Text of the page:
Cablegate: A/S Campbell February 2 Meeting with Vfm Yabunaka

DE RUEHKO #0214/01 0340658
O 030658Z FEB 10

C O N F I D E N T I A L SECTION 01 OF 03 TOKYO 000214


E.O. 12958: DECL: 02/02/2020

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Classified By: Ambassador John V. Roos per 1.4 (b/d)


1. (C) During an 80-minute meeting with EAP A/S Campbell
February 2 on regional and bilateral issues, Vice Foreign
Minister Yabunaka agreed on the need for a continued focus on
DPRK denuclearization and cautioned against being distracted
by DPRK calls for peace regime discussions; called on the
United States and Japan to leverage their alliance to shape
China's choices; and welcomed greater U.S. involvement in
regional organizations, including the EAS. Yabunaka also
agreed with A/S Campbell on the utility of Japan proposing a
vice minister-level U.S.-Japan-China trilat, and said that FM
Okada had been invited to travel to Burma in May. VFM
Yabunaka said he would try to address budget and timing
issues involving former American WWII POWs' travel to Japan.
He also pledged to look into ways to facilitate contact
between left behind parents and their children, in addition
to efforts to promote Japan's Hague Convention accession.
End Summary.


2. (C) EAP A/S Kurt Campbell opened his February 2 meeting
with Vice Foreign Minister Mitoji Yabunaka by describing the
current state of play with the DPRK, including ongoing U.S.
efforts to bring North Korea back to the Six Party Talks and
the apparent economic impact of UNSCR 1874 implementation.
The Assistant Secretary stressed that the United States
remained focused on using U.S.-DPRK contacts within Six Party
framework to make progress on denuclearization, and that we
would not allow the North Koreans to change the focus of
discussions from denuclearization to creation of a peace
regime. In light of the DPRK's poor harvest last year and
economic distortions caused by the North Korean won's
revaluation, Pyongyang may need external assistance soon.
That said, there are no signs -- including in North-South
contacts -- that the North will return to the Six Party Talks
anytime soon, A/S Campbell said. Succession issues also
remained unclear, he added.

3. (C) VFM Yabunaka welcomed continued U.S. adherence to a
policy of strategic patience with the DPRK, and said that any
calls for peace regime discussions were a ""trap."" Before any
discussions about peace arrangements, the Six Parties needed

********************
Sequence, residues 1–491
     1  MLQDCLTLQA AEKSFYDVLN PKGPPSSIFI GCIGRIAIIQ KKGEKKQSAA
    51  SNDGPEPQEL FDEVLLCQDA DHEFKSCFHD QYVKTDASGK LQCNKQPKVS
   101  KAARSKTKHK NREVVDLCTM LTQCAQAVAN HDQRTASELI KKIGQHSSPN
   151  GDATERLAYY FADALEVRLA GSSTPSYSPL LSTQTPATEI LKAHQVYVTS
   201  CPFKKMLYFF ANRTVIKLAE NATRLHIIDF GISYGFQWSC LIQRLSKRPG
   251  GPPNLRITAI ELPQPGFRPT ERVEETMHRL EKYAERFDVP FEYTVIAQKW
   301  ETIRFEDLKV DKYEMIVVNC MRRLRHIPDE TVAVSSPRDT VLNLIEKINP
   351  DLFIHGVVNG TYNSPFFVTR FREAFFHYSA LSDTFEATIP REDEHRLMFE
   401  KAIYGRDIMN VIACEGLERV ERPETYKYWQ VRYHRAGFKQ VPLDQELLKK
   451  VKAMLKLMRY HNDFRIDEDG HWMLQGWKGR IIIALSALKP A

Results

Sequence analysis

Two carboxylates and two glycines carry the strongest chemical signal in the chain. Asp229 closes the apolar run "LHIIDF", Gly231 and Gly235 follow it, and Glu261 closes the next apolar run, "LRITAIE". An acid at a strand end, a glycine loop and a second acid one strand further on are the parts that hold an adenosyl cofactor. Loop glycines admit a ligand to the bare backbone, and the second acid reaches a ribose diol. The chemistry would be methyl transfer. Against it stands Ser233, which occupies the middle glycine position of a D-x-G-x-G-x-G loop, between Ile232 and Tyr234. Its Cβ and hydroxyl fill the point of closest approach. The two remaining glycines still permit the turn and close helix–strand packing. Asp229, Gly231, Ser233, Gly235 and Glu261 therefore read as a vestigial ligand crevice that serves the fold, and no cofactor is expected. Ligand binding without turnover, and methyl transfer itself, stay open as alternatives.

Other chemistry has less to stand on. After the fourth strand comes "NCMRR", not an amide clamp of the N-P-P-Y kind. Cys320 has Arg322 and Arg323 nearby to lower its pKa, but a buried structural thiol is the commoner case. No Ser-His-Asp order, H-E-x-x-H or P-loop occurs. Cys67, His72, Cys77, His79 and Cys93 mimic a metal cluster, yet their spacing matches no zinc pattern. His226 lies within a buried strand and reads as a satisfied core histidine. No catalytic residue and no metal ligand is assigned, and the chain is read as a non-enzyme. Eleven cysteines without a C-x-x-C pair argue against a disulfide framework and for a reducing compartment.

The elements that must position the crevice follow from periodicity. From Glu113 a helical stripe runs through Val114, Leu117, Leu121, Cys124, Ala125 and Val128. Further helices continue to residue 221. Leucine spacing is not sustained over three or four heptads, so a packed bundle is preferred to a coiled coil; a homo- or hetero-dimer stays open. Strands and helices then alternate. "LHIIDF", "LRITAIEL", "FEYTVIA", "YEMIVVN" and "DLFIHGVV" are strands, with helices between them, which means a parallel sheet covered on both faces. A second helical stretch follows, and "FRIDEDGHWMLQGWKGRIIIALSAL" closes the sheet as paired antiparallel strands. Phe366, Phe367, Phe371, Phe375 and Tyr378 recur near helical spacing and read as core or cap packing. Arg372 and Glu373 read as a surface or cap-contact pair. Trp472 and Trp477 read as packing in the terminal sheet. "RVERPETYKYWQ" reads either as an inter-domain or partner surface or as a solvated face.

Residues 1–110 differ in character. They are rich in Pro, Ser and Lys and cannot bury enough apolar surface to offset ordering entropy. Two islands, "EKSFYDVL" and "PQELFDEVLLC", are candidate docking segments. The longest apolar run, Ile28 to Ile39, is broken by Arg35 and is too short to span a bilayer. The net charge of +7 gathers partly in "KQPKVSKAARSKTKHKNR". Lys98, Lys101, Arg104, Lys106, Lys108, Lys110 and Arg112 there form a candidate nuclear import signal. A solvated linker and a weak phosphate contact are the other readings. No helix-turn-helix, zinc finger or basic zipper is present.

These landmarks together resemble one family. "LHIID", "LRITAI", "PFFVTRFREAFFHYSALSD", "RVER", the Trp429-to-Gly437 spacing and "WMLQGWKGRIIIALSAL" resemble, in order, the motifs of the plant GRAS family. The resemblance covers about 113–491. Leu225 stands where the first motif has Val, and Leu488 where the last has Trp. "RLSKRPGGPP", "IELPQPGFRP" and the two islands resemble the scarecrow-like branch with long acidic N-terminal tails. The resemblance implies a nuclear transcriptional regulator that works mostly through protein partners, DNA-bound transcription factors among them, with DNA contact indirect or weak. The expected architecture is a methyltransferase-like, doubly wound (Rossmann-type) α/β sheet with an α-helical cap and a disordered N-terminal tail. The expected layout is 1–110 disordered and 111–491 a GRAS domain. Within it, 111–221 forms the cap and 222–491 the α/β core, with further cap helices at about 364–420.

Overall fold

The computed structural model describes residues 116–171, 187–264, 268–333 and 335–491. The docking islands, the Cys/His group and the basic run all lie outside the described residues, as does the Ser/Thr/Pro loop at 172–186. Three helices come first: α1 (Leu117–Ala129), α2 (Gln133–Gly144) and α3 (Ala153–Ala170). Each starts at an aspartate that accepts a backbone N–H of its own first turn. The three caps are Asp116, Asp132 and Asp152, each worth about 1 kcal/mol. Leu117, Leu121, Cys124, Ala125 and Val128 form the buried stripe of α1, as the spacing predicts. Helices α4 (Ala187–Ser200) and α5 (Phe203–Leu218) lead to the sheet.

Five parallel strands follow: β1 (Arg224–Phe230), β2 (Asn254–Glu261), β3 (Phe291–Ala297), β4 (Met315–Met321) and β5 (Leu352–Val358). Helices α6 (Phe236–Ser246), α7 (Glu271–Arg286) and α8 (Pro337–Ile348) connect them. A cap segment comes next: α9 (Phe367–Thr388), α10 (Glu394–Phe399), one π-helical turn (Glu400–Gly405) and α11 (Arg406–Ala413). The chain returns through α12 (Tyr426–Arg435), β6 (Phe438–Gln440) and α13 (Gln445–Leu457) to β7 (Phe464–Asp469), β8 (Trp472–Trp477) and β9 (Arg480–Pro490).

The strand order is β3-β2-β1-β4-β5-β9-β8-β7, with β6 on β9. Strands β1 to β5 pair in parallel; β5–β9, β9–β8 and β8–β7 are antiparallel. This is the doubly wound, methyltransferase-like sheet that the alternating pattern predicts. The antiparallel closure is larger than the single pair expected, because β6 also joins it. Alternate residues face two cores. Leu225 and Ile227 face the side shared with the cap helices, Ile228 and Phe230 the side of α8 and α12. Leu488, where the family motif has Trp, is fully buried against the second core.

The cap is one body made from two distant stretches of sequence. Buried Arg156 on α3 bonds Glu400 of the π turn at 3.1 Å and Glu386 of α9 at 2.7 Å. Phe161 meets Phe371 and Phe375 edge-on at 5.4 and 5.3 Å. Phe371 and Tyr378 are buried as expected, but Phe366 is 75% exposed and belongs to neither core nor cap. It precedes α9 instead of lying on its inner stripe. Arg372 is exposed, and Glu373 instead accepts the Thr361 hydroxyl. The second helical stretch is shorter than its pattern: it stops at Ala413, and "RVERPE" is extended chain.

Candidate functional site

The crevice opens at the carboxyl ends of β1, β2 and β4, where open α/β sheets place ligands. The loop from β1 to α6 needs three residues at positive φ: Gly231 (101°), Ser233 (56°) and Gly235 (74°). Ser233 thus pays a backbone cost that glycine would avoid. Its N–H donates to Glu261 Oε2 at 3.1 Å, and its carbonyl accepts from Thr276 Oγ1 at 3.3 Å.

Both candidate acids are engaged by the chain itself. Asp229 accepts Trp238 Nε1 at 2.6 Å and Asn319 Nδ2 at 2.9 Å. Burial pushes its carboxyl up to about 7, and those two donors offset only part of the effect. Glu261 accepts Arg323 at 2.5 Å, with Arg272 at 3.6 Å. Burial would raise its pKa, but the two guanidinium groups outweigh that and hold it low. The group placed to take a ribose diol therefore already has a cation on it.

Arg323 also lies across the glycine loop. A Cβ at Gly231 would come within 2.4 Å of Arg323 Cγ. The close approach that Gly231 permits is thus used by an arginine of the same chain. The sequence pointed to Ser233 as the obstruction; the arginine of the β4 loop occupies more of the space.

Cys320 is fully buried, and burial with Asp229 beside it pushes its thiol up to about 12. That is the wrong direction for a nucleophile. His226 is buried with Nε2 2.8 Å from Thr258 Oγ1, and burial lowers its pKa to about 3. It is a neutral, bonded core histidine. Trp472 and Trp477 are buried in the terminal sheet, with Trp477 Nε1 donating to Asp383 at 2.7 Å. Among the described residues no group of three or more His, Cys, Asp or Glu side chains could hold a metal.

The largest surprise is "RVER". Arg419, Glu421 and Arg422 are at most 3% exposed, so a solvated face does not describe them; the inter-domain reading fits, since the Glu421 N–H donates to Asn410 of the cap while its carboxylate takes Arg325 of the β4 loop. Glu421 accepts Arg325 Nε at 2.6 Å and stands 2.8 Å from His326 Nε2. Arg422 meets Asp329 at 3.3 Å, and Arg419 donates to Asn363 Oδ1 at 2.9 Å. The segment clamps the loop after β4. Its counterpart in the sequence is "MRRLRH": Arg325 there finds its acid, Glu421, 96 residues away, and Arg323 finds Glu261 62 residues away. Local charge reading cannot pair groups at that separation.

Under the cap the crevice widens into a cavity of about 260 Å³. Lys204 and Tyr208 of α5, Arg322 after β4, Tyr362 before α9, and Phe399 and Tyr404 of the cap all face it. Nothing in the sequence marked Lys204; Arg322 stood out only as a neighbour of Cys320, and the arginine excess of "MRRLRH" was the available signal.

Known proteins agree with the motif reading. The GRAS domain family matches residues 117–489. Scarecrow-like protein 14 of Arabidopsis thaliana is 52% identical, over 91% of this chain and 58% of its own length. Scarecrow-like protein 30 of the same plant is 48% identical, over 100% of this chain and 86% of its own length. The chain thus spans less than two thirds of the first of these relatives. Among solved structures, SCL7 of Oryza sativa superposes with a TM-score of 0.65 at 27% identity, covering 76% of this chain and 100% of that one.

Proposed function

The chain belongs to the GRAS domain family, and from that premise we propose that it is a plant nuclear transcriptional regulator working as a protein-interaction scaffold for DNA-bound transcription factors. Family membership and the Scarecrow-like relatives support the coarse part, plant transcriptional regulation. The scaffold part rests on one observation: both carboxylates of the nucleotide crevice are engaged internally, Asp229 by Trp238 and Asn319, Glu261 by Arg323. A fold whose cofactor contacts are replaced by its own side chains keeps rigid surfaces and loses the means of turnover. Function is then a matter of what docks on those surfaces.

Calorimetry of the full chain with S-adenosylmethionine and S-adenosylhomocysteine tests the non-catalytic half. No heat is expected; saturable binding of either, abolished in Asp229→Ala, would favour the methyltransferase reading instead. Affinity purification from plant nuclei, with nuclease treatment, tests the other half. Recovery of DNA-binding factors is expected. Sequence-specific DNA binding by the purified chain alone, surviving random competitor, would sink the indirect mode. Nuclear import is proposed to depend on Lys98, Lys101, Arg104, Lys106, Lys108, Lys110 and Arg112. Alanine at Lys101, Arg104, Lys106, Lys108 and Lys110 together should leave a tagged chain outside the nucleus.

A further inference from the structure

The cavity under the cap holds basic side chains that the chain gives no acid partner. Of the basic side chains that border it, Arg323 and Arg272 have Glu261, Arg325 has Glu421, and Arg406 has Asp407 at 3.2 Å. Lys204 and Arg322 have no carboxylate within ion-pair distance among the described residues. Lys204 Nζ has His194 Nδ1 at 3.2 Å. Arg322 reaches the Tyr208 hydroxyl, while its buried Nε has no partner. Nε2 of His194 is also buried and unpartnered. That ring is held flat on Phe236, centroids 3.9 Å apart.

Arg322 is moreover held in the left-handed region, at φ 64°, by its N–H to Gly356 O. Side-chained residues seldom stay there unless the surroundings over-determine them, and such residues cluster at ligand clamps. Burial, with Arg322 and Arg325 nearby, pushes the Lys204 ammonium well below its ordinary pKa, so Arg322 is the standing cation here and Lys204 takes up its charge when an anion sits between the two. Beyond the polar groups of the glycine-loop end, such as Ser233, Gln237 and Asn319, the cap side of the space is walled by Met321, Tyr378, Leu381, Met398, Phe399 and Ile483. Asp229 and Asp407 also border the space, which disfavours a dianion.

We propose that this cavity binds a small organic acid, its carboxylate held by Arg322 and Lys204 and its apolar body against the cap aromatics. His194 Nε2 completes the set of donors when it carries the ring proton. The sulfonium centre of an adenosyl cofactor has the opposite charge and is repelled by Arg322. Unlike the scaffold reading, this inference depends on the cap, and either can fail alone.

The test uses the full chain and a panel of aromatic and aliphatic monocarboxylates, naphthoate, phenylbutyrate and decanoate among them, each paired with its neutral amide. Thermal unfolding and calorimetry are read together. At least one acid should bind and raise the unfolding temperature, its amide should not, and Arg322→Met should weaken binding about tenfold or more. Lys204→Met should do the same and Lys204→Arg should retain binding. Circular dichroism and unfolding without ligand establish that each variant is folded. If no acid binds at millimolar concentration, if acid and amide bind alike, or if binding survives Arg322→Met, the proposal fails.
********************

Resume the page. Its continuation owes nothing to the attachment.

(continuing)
to fully agree on denuclearization. VFM Yabunaka noted that,
in his January 27 meeting with Russian First Deputy Foreign
Minister Denisov, his Russian counterpart offered the view
that 1874 implementation was hurting the DPRK, and that the
resultant lack of certain goods in Pyongyang was even having
a negative impact on the Russian Embassy's operations there,
""including the embassy's in-house dental clinic."" ""Things in
North Korea seemed to be very chaotic,"" Yabunaka said.

4. (C) In response to A/S Campbell's question about reported
DPJ contacts with the North, Yabunaka acknowledged that there
had been some speculative reports, and that any feelers were
likely through the Chosen Soren (Association of North Korean
Residents in Japan). Responding to Asia DG Akitaka Saiki's
query about recent reports of two detained American citizens
in North Korea, A/S Campbell provided an update on U.S.
actions, including efforts to secure consular access through
the Swedish Embassy in Pyongyang. Also in response to DG
Saiki's question, ASD Gregson said that future efforts in the
area of Fullest Possible Accounting of U.S. servicemen lost
during the Korean War would have to take place within the
context of overall U.S.-DPRK relations to prevent the North
from using this humanitarian effort for other goals.


5. (C) On U.S.-PRC relations, A/S Campbell noted that Chinese
domestic political imperatives not to appear weak in dealing
with the United States will likely lead to continued ups and
downs in the bilateral relationship. The Chinese reaction to
the Taiwan arms package was one manifestation of this, and
there will likely another negative reaction to the Dalai
Lama's upcoming visit to Washington and senior-level meetings
in his capacity as a spiritual leader. Compounding our

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challenges in the months ahead were personnel changes among
those handling the bilateral relationship, including Vice
Minister He Yafei's transfer to Geneva. In spite of possible